TORONTO — Ecojustice commends the Ontario government’s decision to finally update its sulphur dioxide air quality standard to a level that protects human health, but calls for a faster phase-in and province-wide application.
“We commend the Minister on moving forward with a proposal to reduce Ontario’s sulphur dioxide standard by 85 per cent. But the government must act swiftly to bring the new standard into force to protect public health across the province,” said Dr. Elaine MacDonald, Healthy Communities program director at Ecojustice.
Air quality standards in Ontario are used to regulate industrial emissions to protect local communities.
Ontario is proposing a 5-year grace period before the updated one-hour and annual standards apply to industrial emissions. In 2016, Ontario held meetings with stakeholders and committed to updating the 43-year-old standard by the end of the year, but efforts had stalled up until now under heavy industry lobbying.
The proposal also clarifies how the standard will apply to various operating conditions at facilities including industrial flaring.
“Five years is far too long to wait given the seriousness of the public health threat posed by sulphur dioxide. Facilities throughout Ontario must be held to the health-based standard sooner,” MacDonald said.
Elevated concentrations of sulphur dioxide are known to cause respiratory and cardiovascular distress, particularly in vulnerable populations including children and people with asthma. Respiratory distress from sulphur dioxide exposure can occur very rapidly, even within a few minutes.
The proposed update will bring the current Ontario one-hour standard from 690 µg/m3 (microgram per cubic metre of air) to 100 µg/m3, representing an over six-fold reduction. This would place Ontario’s sulphur dioxide standard at a level Health Canada has identified as sufficient to protect public health including vulnerable individuals. Ontario is also proposing a non-binding 10 minute criteria of 180 μg/m3 and a binding annual standard of 10 μg/m3 to protect crops and vegetation.
The old, poorly enforced sulphur dioxide standard has troubled Sarnia’s Chemical Valley and Aamjiwnaang First Nation, where residents are frequently exposed to sulphur dioxide and other pollutants from multiple refineries and petrochemical plants. A high number of community members suffer from respiratory conditions like asthma, and regulations don’t protect them from the multiple intense exposures because each facility is given permits without considering the cumulative emissions in the area.
This year Ada Lockridge of Aamjiwnaang First Nation, represented by Ecojustice, took the MOECC to court for delaying its review of how it regulates cumulative emissions.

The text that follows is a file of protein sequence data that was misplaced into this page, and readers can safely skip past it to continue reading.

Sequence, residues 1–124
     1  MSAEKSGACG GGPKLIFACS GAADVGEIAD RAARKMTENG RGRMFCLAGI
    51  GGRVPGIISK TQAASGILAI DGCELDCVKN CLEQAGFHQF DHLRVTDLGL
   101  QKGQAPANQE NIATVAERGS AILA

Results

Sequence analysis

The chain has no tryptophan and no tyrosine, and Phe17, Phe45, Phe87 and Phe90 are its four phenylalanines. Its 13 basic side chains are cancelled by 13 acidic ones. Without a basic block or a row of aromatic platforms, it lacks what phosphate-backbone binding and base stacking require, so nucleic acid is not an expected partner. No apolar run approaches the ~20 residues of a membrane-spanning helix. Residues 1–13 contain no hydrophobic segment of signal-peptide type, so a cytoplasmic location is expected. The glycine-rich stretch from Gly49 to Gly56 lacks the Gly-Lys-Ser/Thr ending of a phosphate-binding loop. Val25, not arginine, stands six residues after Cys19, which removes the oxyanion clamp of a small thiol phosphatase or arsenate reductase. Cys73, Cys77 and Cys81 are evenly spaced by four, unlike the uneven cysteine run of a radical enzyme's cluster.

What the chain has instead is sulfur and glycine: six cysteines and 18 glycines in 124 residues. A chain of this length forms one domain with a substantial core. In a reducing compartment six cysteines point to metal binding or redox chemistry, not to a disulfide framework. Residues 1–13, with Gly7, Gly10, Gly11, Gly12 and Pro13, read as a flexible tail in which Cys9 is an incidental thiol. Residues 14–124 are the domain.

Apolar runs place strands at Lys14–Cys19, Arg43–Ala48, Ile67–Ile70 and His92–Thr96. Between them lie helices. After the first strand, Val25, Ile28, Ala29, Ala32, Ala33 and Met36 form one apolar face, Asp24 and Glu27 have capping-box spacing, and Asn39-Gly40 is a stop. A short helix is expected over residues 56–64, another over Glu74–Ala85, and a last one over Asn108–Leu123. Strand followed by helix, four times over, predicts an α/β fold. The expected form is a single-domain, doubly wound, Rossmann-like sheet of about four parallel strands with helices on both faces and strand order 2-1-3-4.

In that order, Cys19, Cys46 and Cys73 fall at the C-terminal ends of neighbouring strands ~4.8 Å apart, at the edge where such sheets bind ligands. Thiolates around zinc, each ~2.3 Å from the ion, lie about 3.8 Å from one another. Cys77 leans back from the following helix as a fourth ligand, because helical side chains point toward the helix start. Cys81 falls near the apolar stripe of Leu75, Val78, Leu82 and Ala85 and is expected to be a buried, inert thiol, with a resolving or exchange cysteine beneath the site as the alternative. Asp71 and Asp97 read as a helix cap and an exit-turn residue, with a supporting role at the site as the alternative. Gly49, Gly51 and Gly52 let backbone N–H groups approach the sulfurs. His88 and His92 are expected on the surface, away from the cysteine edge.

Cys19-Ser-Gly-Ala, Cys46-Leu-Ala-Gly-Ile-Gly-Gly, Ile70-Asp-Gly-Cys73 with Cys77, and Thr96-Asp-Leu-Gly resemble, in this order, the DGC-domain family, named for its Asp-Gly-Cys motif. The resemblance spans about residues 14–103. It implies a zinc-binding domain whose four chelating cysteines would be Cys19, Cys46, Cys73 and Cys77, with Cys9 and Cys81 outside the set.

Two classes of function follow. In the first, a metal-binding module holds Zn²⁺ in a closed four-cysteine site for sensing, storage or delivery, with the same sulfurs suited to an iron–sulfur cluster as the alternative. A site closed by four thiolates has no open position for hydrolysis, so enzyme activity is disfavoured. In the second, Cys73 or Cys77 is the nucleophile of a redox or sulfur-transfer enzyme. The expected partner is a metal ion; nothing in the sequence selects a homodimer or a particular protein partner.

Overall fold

In a separate application, Ecojustice is helping Vanessa Gray, also of Aamjiwnaang First Nation, call on Ontario to investigate a major flaring incident at Imperial Oil in February 2017.
“Flaring of acid gases by refineries and petrochemical plants is an intense source of sulphur dioxide emissions in Chemical Valley that must be subject to the revised standard. Pollution emissions from flaring are poorly regulated by Ontario despite the high risks to local communities,” MacDonald said.
“Updating the standard for sulphur dioxide shows the Ministry is finally on the right track, and we look forward to similar progress on the issue of cumulative emissions and regulation of flaring.”
Last week Aamjiwnaang’s Chief and Council issued a statement that they were “deeply concerned” that delays in updating the sulphur dioxide standard were failing to protect their community’s health and environment.
In a report released this week, Environmental Commissioner of Ontario Dianne Saxe called upon the government to take action and improve the regulation of pollution in Chemical Valley and to update the sulphur dioxide standard.
“Updating our pollution and toxics laws and empowering communities to participate in decision-making will go a long way toward protecting our environment and making Canada a more just and equitable place to live,” MacDonald said.
A recent exposé by Global News, the Toronto Star, and the National Observer used documents obtained by Ecojustice, and uncovered more than 500 excess pollution incidents in a two year period. Of those 500 incidents, more than 100 were related to flaring.
In the wake of the joint news investigation, calls for action in Chemical Valley have been issued by several Canadian politicians, including Green Party Leader Elizabeth May, Ontario NDP Leader Andrea Horwath, NDP environment critic Linda Duncan, Federal Health Minister Ginette Petitpas Taylor, Ontario PC Leader Patrick Brown, and Environment Minister Catherine McKenna.
Diseases caused by pollution are “the largest environmental cause of disease and premature death in the world today,” according to the internationally renowned Lancet Commission. Diseases caused by pollution led to about nine million deaths in 2015 alone — that’s three times more deaths than malaria, tuberculosis and AIDS combined.
In Canada, the number of pollution-related deaths are staggering. 7,700 of us die each year from poor air quality alone. The annual cost of air pollution and the health effects caused by exposure to toxics together, are estimated to be in the tens of billions of dollars.
Several environmental groups, including Ecojustice, Environmental Defence, David Suzuki Foundation, Canadian Association of Physicians for the Environment, and Equiterre are calling for enforceable national air quality standards under the Canadian Environmental Protection Act.